I started this blog to practice writing for balance and sanity out loud, and to build a larger audience for my books as they rolled down the hill of paper and into, with luck, the arms of readers. 800 posts later, I pause for a post behind the posts.
My initial plan was to write everyday, which I did for a long time. The practice helped me aim my perception toward something to question, ponder, celebrate, or co-habitate with writing on a regular basis. Eventually, the everyday morphed into every few days although it seems the more I return to typing letters into this box on my screen, the more I want to return, yet when I’m in the throes of writing something else, especially and particularly poetry, I don’t have much to say blog-wise, and I’ve never believed in pushing the writing river.
So if you don’t hear from me for a week or so, it’s not because I don’t love writing to you. It’s simply because the writing has gone underground: into new poems or, far below that, a silent pond, waiting for the wind to work itself up again. I don’t believe in – and please, writers, don’t hate me for this — writer’s block, only writer’s-not-ready spaces. To that end, I tend to work on multiple writing projects at once, going where the energy of the words take me: sometimes into the workaday-life of revisionland, where we live as old marrieds with our prose or poetry, steadily applying letters to the page or screen, copying things over, reading things aloud, ready to catch whatever music comes through the grind. Other times, it’s that heady and breathless romance of first drafts, fishing for possibilities well beyond our frontal-lobe, pre-selected and old-dog-trick thoughts so that something alive, and surprising can come through. Sometimes it’s just writing shit, knowing it’s shit, but being okay with that because compost is golden, especially when it comes to making something new and nourishing.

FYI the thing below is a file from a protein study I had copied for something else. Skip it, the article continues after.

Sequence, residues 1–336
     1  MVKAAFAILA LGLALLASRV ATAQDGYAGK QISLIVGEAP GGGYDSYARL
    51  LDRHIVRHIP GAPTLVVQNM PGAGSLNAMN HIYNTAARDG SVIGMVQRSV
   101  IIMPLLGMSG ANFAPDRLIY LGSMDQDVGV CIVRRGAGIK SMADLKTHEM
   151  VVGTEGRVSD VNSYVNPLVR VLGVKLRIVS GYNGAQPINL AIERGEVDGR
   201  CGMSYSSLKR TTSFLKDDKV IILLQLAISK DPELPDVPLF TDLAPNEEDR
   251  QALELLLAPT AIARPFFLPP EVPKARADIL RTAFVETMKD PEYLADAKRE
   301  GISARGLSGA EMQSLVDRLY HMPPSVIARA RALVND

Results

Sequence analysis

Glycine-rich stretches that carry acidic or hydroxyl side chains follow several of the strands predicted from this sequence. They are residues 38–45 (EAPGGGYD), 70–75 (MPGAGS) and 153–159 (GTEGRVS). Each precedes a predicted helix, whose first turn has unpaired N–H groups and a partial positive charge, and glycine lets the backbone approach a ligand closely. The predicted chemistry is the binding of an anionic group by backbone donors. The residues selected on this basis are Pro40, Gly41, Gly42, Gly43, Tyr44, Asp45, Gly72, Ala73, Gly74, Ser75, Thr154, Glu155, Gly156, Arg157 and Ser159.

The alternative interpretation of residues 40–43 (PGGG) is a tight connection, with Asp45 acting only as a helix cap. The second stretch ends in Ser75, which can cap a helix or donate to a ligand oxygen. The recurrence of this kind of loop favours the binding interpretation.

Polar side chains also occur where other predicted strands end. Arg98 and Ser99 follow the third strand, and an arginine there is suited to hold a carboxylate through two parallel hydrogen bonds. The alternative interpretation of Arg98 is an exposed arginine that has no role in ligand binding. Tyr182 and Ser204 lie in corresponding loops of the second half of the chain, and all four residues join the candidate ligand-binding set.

Wherever I am, I try to begin with the obvious markers of time and place. I write this now to you, trying to make out what I’m typing from the dozens of tiny oval-shaped insects in love with the light of my computer screen. It’s night, I’m on the front porch, the wind roars and settles, the dog stares at the dive-bombing June bugs, and the cats sleep almost back to the back. The temperature is perfect for most of human life doing most anything. Like talking through this post to you at the moment, and thanking you for reading this and reading others posts (if you have) over the years. The intimacy and immediacy of writing a blog is as sweet as a spring night when everything, for a moment at least, quiets to wind through the cedars and crickets and the squeaking of old branches.